My spirits are lifted by reading the expressions of gratitude for those professors who mentored us, encouraged us, and saw in us future colleagues with whom they would work. Isn’t it a wonderful balm to reflect on their decency midst the horrendous events at Harvard? To praise their names out loud and let them know the difference they made and make is so necessary.
Now to imagine the inverse. Let’s suppose, for those of us who identify as female, that the male professor who singled us out, praised our work, encouraged us, had ulterior motives. How devastating would that have been?
One of my academic heroes is Arturo Escobar, the brilliant and kind man so many of us admire. Oh his classes at UCSC were an intellectual feast! His mind, his breadth of insights, his humor and his mentoring: it was heady stuff to be in his classes. I suppose he could have parlayed our admiration into something unsavory: He did not. Not. Did I say not? Not.
I remember one office hour session with Arturo. Important backdrop: I worked my way (waiting tables) through college from Cabrillo Community College to my BA at the University of California at Santa Cruz, and on to my MPH and PhD at the University of California at Berkeley. I was not raised to believe I would pursue graduate studies: my mother always hoped I would marry well.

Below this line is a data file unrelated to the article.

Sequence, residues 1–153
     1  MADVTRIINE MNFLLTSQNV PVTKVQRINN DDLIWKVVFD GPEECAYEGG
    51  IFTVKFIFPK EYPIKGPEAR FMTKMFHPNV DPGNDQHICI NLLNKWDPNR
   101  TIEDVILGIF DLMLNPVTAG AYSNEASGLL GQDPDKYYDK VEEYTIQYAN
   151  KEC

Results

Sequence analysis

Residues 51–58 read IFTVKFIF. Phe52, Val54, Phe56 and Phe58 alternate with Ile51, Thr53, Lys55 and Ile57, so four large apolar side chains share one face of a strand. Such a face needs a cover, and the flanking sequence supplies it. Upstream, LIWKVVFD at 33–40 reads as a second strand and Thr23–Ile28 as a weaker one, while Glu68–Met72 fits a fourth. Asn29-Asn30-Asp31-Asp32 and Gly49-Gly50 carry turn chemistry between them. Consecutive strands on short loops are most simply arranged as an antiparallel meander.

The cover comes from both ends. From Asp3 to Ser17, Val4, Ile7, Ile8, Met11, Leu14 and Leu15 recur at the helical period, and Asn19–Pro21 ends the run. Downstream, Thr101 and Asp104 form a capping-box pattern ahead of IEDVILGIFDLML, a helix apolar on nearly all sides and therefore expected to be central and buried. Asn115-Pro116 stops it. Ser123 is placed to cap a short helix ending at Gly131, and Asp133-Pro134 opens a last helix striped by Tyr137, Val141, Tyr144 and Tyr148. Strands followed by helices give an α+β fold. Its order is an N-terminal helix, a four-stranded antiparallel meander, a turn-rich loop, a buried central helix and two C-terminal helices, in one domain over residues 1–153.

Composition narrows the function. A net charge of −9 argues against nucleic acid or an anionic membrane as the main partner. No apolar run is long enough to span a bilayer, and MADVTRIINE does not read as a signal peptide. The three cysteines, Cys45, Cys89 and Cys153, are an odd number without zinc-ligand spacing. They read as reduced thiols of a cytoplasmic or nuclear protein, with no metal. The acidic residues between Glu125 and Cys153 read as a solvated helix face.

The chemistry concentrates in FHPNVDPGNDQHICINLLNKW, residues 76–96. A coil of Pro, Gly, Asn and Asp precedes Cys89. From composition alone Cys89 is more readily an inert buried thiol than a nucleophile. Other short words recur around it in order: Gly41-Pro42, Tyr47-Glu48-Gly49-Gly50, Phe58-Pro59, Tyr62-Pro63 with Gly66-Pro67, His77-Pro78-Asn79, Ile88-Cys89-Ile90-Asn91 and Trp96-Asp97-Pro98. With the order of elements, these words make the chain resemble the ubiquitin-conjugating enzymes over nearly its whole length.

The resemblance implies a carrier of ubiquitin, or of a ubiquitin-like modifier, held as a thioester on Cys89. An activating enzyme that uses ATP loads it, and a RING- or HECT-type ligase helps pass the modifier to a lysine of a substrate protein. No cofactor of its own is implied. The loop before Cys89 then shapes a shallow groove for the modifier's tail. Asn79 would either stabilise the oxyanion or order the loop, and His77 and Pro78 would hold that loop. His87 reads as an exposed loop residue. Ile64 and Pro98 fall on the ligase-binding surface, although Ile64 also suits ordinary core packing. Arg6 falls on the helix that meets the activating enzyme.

I had taken a couple of courses with Arturo Escobar, and my mind was on fire. All neurons on high alert! Also huge shout out to Sonia Alvarez, whom I admire to the moon —but the topic here is female student/male faculty mentorship. Back to the narrative thread.
So I met with Arturo during office hours, and at one point wondered out loud how I could possibly be happy being a secretary after the ideas I had been exposed to in his classes. He smiled before telling me that, of course, I would go to graduate school. He probably does not remember that conversation–it would be one among hundreds during which he mentored and encouraged his students. But I remember: it was the first time in my life that someone had mentioned graduate school to me. It shifted the horizon of my expectations, which in turned changed the trajectory of my life.
I did go on to graduate school and Arturo wrote a letter of recommendation for me. I have no doubt that his stature in the field influenced the admission committee in my favor. Thank you, Arturo, for your brilliance, inspiration and sheer goodness.
And now for a counter-factual moment. What if all the support he gave me had been nothing more than grooming me, nothing more that raising my hopes to satisfy his belief — as too many professors seem to believe—that sexual access to students was part of his compensation package? Had that been the case I know it would have ended my studies. I, a waitress working her way through college, would have lost all faith in myself. I was already the “odd one out,” a bit older than my classmates and prone to doubting myself. Had the professor I admired so much been a sexual predator, I would have left academia. After all, as a waitress I was exposed to enough harassment each time I went on my shift.
To those female students who had a serial harasser in your way: you needed an Arturo Escobar, you did not have one. And my heart truly breaks for you. It is so wrong. #TheMissingWomen